OUT: Cattlemen’s group opposes reintroduction of wolves
A petition to bring wolves back to Colorado has been met with opposition from the Colorado Cattlemen’s Association.
The petition, filed last week by WildEarth Guardians, asks the U.S. Fish and Wildlife Service to develop recovery plans for gray wolves in the southern Rockies. Four areas in Colorado, including the Flat Tops north of Glenwood Springs, are targeted for the reintroduction, said the group, because those areas offer the best chance to establish viable populations.
“We believe that the southern Rockies need wolves, and wolves definitely need the southern Rockies,” said Rob Edward, carnivore recovery director for WildEarth Guardians.
But the Colorado Cattlemen’s Association isn’t so sure.
Claiming the petition is “driven by the faulty assumption” that wolves are required for a healthy ecosystem, the Cattlemen’s Association said in a news release the current population of predators, including mountain lions, black bears, coyotes, lynx and humans “can be effectively managed to appropriately contain prey species within carrying capacities.”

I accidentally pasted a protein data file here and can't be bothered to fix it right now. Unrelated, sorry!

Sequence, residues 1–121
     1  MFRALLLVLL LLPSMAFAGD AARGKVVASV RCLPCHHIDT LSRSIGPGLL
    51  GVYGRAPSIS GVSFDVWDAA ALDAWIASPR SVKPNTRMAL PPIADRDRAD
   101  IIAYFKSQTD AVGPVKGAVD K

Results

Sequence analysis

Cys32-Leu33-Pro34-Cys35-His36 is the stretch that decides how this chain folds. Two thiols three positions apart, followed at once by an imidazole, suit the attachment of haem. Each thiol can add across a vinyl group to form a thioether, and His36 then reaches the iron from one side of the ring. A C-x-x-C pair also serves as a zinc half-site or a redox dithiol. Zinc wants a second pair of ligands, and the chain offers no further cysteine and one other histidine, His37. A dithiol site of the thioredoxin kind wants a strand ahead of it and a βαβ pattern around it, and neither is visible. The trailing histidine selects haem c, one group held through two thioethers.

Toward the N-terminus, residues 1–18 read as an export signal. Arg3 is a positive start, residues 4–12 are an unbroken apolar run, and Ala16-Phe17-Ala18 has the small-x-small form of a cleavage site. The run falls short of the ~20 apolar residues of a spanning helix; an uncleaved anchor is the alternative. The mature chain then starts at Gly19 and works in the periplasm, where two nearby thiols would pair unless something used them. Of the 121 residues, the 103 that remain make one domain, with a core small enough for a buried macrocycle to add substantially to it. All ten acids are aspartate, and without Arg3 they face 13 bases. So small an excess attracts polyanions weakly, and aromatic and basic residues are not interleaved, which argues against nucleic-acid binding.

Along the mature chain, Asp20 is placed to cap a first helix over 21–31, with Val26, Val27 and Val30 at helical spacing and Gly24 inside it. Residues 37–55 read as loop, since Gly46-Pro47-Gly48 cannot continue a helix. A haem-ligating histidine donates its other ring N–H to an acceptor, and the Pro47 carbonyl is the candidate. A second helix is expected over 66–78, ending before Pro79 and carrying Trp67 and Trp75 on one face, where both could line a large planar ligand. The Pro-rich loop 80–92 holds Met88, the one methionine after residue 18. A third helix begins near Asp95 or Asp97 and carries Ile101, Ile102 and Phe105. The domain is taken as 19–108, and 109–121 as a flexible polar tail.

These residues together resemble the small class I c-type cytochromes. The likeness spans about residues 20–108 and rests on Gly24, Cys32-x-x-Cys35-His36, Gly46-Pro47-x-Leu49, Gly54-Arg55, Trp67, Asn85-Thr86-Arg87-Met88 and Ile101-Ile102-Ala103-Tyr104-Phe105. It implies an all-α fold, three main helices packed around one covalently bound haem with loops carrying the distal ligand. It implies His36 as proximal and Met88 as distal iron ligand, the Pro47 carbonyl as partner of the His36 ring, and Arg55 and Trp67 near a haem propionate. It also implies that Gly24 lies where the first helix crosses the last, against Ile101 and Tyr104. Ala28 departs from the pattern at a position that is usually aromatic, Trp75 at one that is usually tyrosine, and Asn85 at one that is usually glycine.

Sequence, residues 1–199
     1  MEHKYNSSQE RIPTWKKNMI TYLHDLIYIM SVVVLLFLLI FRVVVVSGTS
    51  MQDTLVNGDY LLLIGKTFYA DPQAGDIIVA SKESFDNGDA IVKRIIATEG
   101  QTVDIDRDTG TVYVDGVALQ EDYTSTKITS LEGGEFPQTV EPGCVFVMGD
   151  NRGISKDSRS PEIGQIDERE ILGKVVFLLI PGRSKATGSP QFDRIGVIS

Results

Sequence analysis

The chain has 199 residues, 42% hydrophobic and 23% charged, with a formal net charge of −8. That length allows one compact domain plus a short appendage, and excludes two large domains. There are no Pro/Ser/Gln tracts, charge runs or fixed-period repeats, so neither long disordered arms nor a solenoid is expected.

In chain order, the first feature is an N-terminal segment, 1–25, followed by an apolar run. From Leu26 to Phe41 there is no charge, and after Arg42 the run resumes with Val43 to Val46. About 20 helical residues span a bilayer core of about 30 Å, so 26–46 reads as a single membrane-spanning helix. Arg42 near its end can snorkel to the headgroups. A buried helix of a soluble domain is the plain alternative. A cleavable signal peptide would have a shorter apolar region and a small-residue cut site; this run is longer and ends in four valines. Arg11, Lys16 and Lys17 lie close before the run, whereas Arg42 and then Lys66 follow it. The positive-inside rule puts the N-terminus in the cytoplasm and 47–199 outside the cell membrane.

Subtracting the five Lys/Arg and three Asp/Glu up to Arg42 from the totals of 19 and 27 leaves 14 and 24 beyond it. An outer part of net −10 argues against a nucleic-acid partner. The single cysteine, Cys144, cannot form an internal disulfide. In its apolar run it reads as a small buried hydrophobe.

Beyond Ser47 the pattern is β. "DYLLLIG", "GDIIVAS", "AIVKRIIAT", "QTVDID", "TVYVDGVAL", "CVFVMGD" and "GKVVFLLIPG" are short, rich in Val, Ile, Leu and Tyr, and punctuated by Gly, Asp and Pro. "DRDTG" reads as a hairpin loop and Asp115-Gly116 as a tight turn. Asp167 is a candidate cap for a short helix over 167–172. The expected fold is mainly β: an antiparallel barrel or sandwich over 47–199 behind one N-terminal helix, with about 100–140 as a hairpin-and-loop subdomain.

Also, the association said there is potential for conflict between wolves and humans as well as conflicts with livestock.
“Particularly problematic are interactions between wolf populations and domestic livestock populations,” said Amy Bader, director of the Arvada-based association.
Bader noted that in states where wolf reintroductions include damage payments to livestock growers, “the ranching community has, for the most part, not been totally satisfied with the resolutions of the conflicts.”
Wolves officially were exterminated in Colorado by 1954, when the last known wolf in the state was killed near Parlin Flats east of Gunnison.